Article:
NOW THAT the furore, at least in the media, about the TSTT hack has largely subsided, perhaps it’s time to think about why the incident loomed so large in the public consciousness.
It can’t be just the fact of the data breach. There were breaches before and breaches right after that didn’t raise that level of alarm.
Eighteen days after the story broke, TSTT CEO Lisa Agard was reported, in the words of a company press release, to have “departed.”
Placed in an acting role is Kent Western, abruptly promoted from the post of general manager, customer experience and marketing, who must now make sense of the situation.
What went wrong, or was so dramatically different from previous data breaches?
The data went public.
TSTT chose to downplay the significance of the breach by declaring the 6GB data haul to be insignificant compared to the terabytes of data it manages daily.
But the size of the data made accessing and working with it possible for even casual users.
Unfortunately, too, the stolen files were not encrypted. Encryption makes data unreadable without a password and protects with varying levels of complexity.
The size of some of the exfiltrated files and nature of the data encoding, designed to be read by an Oracle database, meant that it was impossible to review the largest files in their entirety using commonly available tools. There was enough there to send ordinary citizens into a tizzic.
The small size of the files also allowed them to be widely distributed after they were eventually downloaded from the dark web and posted to open internet file-sharing sites, and that brought further inspection, some of it admittedly both hysterical and ill-advised.
The communication was a hot mess.
Even in her final public communication in a full-page press statement, TSTT’s CEO seemed to be blaming the poor messaging on everyone except herself.
It’s hard to imagine Agard, a lawyer, allowing any statement from the company to be sent if it did not have her unequivocal approval, and what she approved was dense with legal caveats, evasiveness and misdirection.
The releases on October 30 and November 5 were not communication with anxious customers. They were a clumsy attempt to change the conversation, but nobody had time for that.
When news broke just seven days later that a 2021 data breach of Digicel Group data had been found by Jamaican cybersecurity investigators, two things stopped that news from commanding headlines.
Digicel could point to a press release disclosing what had happened days after the data went live, and, at 164.55GB, it was impenetrably encoded for distribution. The file was archived on the dark web in 337 segments, each 500MB in size. All the archive segments had to be downloaded and then reassembled for access. A daunting task at best.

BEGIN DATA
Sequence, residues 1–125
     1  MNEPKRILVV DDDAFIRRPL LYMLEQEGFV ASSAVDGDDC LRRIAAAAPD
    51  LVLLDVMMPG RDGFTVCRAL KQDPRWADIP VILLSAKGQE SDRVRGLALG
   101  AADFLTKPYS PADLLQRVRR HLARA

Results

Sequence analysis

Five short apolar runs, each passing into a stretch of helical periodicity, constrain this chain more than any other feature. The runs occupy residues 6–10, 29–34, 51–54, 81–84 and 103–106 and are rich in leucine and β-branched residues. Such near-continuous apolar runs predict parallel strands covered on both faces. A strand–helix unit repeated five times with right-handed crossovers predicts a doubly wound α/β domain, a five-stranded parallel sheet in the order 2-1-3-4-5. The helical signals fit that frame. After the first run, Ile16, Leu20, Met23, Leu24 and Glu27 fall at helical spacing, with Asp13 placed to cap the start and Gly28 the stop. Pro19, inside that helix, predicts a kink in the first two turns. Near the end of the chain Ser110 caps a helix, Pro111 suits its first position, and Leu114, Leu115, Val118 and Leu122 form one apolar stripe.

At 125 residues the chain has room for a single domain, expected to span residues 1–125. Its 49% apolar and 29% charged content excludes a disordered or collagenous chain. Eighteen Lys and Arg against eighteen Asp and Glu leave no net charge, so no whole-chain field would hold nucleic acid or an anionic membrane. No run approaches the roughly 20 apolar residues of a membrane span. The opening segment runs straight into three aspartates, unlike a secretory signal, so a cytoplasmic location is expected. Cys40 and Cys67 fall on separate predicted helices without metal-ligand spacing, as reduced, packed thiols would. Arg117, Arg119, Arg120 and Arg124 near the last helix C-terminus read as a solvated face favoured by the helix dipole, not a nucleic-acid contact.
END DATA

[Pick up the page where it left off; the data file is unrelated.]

TSTT’s communications during the heat of the incident first denied any impact on its customers, then sought to downplay potential exposure.
While the mass release of the personally identifiable information (PII) of hundreds of thousands of customers was troubling enough, the company appeared to forget that the 51 per cent share held by the government is actually being held on behalf of the 1.4 million citizens of TT.
Everyone had a stake in this.
Multinational companies like the Irish-owned Digicel and the US-owned Liberty Global (Flow, Columbus) have substantial outposts in the Caribbean, but TSTT’S navel string is buried here.
So customers were disappointed, citizens were uneasy and trust in the company was unnecessarily shaken.
It was worse than an own goal. The TSTT team just kept on firing shots at their nonplussed goalie. It couldn’t have been a good week to be Khamal Georges.
What is TSTT?
The Public Utilities Minister declared himself pleased with Western after they met last week, declaring that the ministry and the telecommunications company were now on “the same page.”
That’s probably not good news for anyone.
TSTT is supposed to be a business, but nobody is interested in the dormant 49 per cent shareholding held by Liberty Global.
The minister seems to think TSTT is another state company over which he needs to exercise greater control. Given that the other state companies that he has dominion over generate staggering losses, that doesn’t seem to be a positive development.
TSTT’s inability to explain itself over a fortnight of media scrutiny does not speak of a company operating with clear directives or oversight. Implying that Lisa Agard’s departure heralds a new day is misleading, and more state intervention is unlikely to improve that situation.
Mark Lyndersay is the editor of technewstt.com. An expanded version of this column can be found there